Slack website with magnifying glass showing security breach of GitHub repositories exposed source code

Targeting of GitHub Repositories Continues as Slack Reports Security Breach, Stolen Source Code

GitHub repositories have become something of a trending target for hackers as of late, as stolen source code offers them a multitude of possibilities. Popular collaboration tool Slack is the latest to suffer a security breach of this nature, with the company reporting that externally hosted private code repositories were hit in late December.

Slack says that the stolen code did not come from its primary code base and that customer information was not present, but that a “limited number” of employees were impacted. It also said that service would not be impacted, but thefts of code always leave natural concerns about what the attackers will find within it.

Slack GitHub repositories infiltrated via stolen employee tokens

Slack did not reveal exactly what the GitHub repositories contained, other than confirming that they were hosted externally and not used for the platform’s primary codebase or any sort of customer data.

It also said that the security breach did not stem from a “vulnerability inherent to Slack,” which raises a couple of possibilities. One is a breach of a third-party vendor or contractor. This may immediately cause Okta to spring to mind, given that the company suffered its own raid on internal GitHub repositories earlier in December. Okta and Slack have an integration feature, though Okta has said that the 0Auth token system that underpins it was not part of that security breach. 0Auth tokens were stolen in a direct April attack on Microsoft’s code sharing platform that involved the cloning of legitimate GitHub repositories, but thus far there are no concrete indications that any of these security breaches are related.

Despite assurances from Slack that the GitHub repositories did not contain anything that could negatively impact customers, the platform’s estimated 18 million users will likely want to pay attention to the story as potential untapped vulnerabilities can end up emerging when attackers comb through stolen code. In the past this has been as simple as finding employee authentication tokens buried in code, or even login credentials stored in plain text.

As Bleeping Computer points out, there is also some cause for concern in the way in which Slack is seemingly trying to downplay the incident and keep it out of the news as much as possible. The security breach reportedly took place on December 27, so the fact that Slack did not publicly disclose it until just before the New Year’s holiday is not necessarily suspicious. However, Slack has not published its security notification on its international blog (only a December 31 post on its United States blog) and has marked the page to prevent it from being indexed by search engines. Bleeping Computer notes that Slack also previously de-indexed the public notice for an August 2022 security breach in which it accidentally exposed password hashes for about 0.5% of its users.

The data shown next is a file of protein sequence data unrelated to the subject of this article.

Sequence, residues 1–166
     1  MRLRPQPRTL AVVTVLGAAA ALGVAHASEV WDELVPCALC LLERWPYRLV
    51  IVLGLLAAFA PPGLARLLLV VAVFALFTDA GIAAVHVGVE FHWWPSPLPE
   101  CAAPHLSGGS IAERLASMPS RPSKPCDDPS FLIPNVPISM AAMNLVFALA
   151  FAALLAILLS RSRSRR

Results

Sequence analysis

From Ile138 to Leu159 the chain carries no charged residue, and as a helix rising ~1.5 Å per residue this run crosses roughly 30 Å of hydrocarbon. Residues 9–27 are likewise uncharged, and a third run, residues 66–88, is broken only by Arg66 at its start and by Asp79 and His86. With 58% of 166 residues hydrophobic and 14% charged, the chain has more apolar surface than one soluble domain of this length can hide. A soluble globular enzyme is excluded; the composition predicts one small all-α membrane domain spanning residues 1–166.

Slack has taken some measures in response to the incident, however, including invalidating the stolen tokens that opened the doors to the GitHub repositories and rotating all relevant credentials. Customers have not been advised to do anything at this time.

Source code increasingly the focus of security breaches

Security experts have been sounding alarms about the generally lax handling of GitHub repositories for years now, but most companies have placed this item far down the priority list as understaffed IT teams deal with more immediate and lethal threats. This rash of security breaches indicates that it is now time for source code to receive better attention and protection.

The sort of source code commonly stashed in GitHub repositories offers hackers multiple tantalizing possibilities: the ability to sell it on the black market for big money, the possibility that vulnerabilities or login information will be discovered within it, and even the long-term possibility of inserting backdoors into code that is still in development. Attackers have definitely noticed that organizations tend to leave loose ends when it comes to GitHub repositories and are honing in on them; these weaknesses are often simple oversights such as failing to cancel the credentials of developers that have left or not locking down project configuration settings.

Another long-term issue with the security of GitHub repositories has been the fact that vulnerability reports in public repositories had to be made equally public, creating significant hesitance to report when issues were discovered. GitHub addressed this in late November with a new private reporting feature.

The incident also highlights the fact that companies often attempt to downplay security breaches with initial announcements, sometimes not making the full extent of damage clear until months later. Though Slack claims that customers were not impacted, at minimum a change of passwords is probably prudent given the company’s recent tendency to try to minimize the media exposure of such incidents.